November 13, 2017
Deemed the cleanest city in the world, Singapore is a photographer’s paradise – visually stunning, culturally fascinating, and an ideal destination for a short city break.
The city’s public transport is very convenient, excellent for ferrying around busy photographers and leading directly to Singapore’s world-famous architectural wonders.
Our first stop in the Lion City was Sentosa – home to high-end hotels, yacht clubs, and pristine, palm-lined beaches – only a short train ride from central Singapore. Instead of visiting the attractions and theme parks like Resorts World Sentosa, we opted for the harbors and beaches for the day, stopping for lunch on the waterfront at W Hotel.
After shots of the meandering piers and harbor-fronts from the ground, we decided to send the drone up and see it from the sky. The harbors and boats during the day were stark against the crystal clear sea – a sight not often seen by the tourists and yacht enthusiasts that flock there each year.
Next came the iconic Marina Bay Sands and the Gardens by the Bay. Walking past the Marina Bay Sands and into the Gardens, it felt as though we had stepped into the future. The Gardens are best seen at sunset, as the lights of the avatar-like supertrees switch on with a (if you’re lucky) colorful hazy sky as the sun goes down.
After a busy day in the city center, a local friend picked us up early the following morning to take us to some photogenic spots outside the city. As previously mentioned, you can get pretty much everywhere in Singapore in a day, but if you’re trying to get a lot of photographs of different spots in one day, a car helps.
First, we drove to Yung Kuang in the west, arriving at an old, beat-up apartment block, but upon stepping inside, we found one of the most interesting look-ups we’ve seen on our travels so far. It was fascinating to see the quieter, residential side of the often swirling city Singapore.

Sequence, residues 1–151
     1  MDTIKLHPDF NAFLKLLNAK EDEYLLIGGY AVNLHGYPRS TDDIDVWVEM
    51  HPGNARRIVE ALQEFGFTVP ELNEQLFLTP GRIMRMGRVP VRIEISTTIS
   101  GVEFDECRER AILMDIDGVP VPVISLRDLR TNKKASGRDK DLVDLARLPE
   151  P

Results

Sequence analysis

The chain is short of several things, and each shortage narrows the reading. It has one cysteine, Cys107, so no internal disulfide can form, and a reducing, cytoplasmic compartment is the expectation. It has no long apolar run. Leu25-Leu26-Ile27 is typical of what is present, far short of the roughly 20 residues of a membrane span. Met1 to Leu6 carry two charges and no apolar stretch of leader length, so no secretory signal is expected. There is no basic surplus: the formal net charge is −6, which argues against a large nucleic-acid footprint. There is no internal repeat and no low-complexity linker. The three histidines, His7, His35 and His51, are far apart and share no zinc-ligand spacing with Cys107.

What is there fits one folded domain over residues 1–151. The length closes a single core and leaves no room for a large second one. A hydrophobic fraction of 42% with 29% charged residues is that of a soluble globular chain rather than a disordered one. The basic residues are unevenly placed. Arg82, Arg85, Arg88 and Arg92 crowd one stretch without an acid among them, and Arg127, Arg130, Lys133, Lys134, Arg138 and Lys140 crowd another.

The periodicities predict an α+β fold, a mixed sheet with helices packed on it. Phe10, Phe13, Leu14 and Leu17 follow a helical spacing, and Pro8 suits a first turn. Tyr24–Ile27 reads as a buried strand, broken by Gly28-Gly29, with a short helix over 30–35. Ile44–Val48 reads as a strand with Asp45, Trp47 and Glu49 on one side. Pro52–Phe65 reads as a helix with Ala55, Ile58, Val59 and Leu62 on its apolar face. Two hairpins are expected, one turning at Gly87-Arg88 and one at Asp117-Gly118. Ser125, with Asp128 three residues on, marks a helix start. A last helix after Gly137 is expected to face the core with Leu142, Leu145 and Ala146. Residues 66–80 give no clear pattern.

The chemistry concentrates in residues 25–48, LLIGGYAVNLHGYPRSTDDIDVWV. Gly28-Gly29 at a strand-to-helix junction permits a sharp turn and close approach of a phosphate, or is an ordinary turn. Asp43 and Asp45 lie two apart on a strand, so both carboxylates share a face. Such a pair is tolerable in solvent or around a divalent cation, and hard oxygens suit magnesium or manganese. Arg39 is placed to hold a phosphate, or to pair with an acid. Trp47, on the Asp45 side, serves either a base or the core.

Next, we drove to Bedok to see a group of apartment blocks with different colored gradients painted on the walls. If you’re looking for a beautiful exterior on an apartment, Singapore is the place to go. We saw a few other photographers here taking photos of the bright buildings, but it is very much one of the lesser known photography spots in Singapore.
Our last stop was the Nanyang Technological University on the outskirts of Singapore. Ranked as one of the top universities in Asia, NTU is known for its futuristic architecture and design. One such example of this is The Hive: a multi-functional learning space designed by Thomas Heatherwick resembling piles of dim sum baskets from the outside and an extravagant beehive from the inside.
The space was designed to combine learning and social space for collaborative learning. Exploring the campus further, we came to the School for Art, Design, and Media, which featured a sloped grass walkway over the top of two arched roofs. The sunset from the top was something special indeed and a great place to drone the campus.
There’s much more to see in Singapore than the CBD, and it can be an endlessly fascinating place for those with the right eye and the right lens.